I can only talk about the regulators I worked on (Bosch Kefico), they showed different regulated pressure at different flow rates. For example you want to install a bigger fuel pump in an existing car (or system) the current fuel pressure regulator will most likely not be able to maintain the specified regulated pressure. Normally the o2 control (long and short term adaptation) would take care of that.
The gentleman tested 2 psi lower than the spec. I wanted to bring some light from my experience with pumps and regulator. Sorry for the confusion.
Askimbenim

Edahall
07-28-09, 01:31 PM
My voltage is around 14 V while the engine is running but perhaps I should check the battery voltage while it is cranking.

Submariner409
07-28-09, 05:37 PM
Cranking battery voltage will scare the hell out of you. Don't.

Edahall
07-29-09, 12:21 PM
Cranking battery voltage will scare the hell out of you. Don't.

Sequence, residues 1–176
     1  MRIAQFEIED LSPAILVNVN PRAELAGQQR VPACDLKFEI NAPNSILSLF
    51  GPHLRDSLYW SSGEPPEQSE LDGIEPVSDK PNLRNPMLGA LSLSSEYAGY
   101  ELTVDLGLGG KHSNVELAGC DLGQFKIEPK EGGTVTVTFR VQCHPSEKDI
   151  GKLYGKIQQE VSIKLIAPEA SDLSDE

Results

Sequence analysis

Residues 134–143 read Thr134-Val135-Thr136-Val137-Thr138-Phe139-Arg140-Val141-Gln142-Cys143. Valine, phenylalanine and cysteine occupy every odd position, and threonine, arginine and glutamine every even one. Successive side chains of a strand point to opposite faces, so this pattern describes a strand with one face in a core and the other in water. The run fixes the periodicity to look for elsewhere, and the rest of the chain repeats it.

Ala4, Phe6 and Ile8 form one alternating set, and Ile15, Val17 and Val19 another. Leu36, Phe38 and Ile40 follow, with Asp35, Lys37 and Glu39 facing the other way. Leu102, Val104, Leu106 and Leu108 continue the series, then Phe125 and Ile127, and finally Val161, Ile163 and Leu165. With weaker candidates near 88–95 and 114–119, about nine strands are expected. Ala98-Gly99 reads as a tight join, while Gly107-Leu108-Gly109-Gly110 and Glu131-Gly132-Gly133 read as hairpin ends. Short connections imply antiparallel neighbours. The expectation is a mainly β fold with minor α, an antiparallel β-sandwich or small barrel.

Well, it's possible the battery may have something to do with it. I've had the car for 6 years and have never changed the battery. It may even be possible that this is the original battery which would make it 16 years old.

jeffrsmith
07-29-09, 01:59 PM
Back to Post #7 - Sub said to check out your fuel injectors - have you done that yet? If you replaced the fuel pressure regulator and the pump pressure is sufficient you need to check the injectors, it definitely sounds like one is stuck or intermittently sticking open.

If the car cranks ok and your voltages are 14~14.5 while running I would not worry about the battery.

Edahall
07-29-09, 03:51 PM